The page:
Congratulations to paramedic Aimee Lihou, who has recently been promoted into a new role as Clinical Governance Lead for the St John Emergency Ambulance Service.
Aimee who has been a registered paramedic since 2012 has specialised in the area of clinical governance for the past three and a half years, initially on a part-time basis whilst working full-time on an operational team before becoming full-time last year. The role has now become permanent and Aimee is now working closely alongside the Senior Management Team, leading the service in all aspects of quality and safety.
Clinical governance has become an increasingly important part of healthcare, focusing on maintaining and improving patient care. Aimee works closely with counterparts at Health and Social Care to achieve excellence under the Safer Everyday initiative, ensuring that service users are safe, raising awareness of good practice and preventing harm.
Aimee explains: “My day-to-day role involves monitoring standards of practice against set benchmarks, reviewing national best practices and making recommendation for local adjustments where necessary, reviewing emergency responses against patient safety criteria, undertaking all aspects of Service medicines management, reviewing and reporting on any reported adverse incidents and supporting the Senior Management Team to make quality and safety decisions about service provision.”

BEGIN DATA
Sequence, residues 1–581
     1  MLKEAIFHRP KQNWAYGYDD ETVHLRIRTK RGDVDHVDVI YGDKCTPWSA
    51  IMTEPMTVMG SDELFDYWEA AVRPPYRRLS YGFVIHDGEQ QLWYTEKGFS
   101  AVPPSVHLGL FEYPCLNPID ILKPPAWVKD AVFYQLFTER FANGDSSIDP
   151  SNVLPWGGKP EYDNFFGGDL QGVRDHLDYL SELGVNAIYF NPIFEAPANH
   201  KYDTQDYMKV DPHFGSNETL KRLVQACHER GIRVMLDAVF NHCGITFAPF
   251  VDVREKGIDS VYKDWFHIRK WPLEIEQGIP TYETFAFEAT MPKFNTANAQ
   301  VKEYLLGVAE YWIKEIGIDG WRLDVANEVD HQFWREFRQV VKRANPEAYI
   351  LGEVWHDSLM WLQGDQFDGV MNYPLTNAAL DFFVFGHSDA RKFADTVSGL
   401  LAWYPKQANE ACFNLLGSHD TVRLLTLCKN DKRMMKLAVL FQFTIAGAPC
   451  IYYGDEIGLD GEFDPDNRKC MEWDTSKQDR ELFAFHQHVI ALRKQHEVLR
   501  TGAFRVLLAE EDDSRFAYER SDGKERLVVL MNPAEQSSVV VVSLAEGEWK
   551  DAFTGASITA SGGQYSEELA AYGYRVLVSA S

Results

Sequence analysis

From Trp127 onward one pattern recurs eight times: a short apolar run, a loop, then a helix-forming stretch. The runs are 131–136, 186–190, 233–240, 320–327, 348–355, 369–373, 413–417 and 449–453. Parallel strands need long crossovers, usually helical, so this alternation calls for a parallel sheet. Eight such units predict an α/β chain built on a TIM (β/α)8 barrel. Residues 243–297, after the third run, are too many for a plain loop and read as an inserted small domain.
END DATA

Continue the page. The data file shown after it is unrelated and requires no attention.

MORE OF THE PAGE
As part of the role Aimee now sits on several national groups including the National Education Network for Ambulance Services (NENAS) and the Ambulance Infection Prevention and Control Group. She is also part of a national team working on the assessment of students on the new integrated paramedic degree apprenticeship. Aimee has also been heavily involved in the ambulance service response to the COVID-19 pandemic.
“People ask me whether I miss working on the road as an operational paramedic and the answer is, I do. I will always remain a paramedic and will still do operational work from time to time. However, I’ve devoted the best part of my life so far to helping others and view this role as the best way of helping in a more effective way. When I worked ‘on the road’ I could only help one person at a time, by doing this I get to make decisions and implement change that effect all patients for the better, not just the ones I was treating at the time.”
Aimee became a member of St John at the age of 8-years-old, firstly becoming a Super Badger and then achieving the Grand Prior’s Award as a cadet. As an adult volunteer member of St John she regularly competed in first aid competitions and undertook the role of Public Duties Officer prior to leaving the Island in 2010 to train as a paramedic. Aimee joined the West Midlands Ambulance Service NHS Foundation Trust in 2010, qualifying as a Paramedic in 2012, returning to Guernsey in 2014.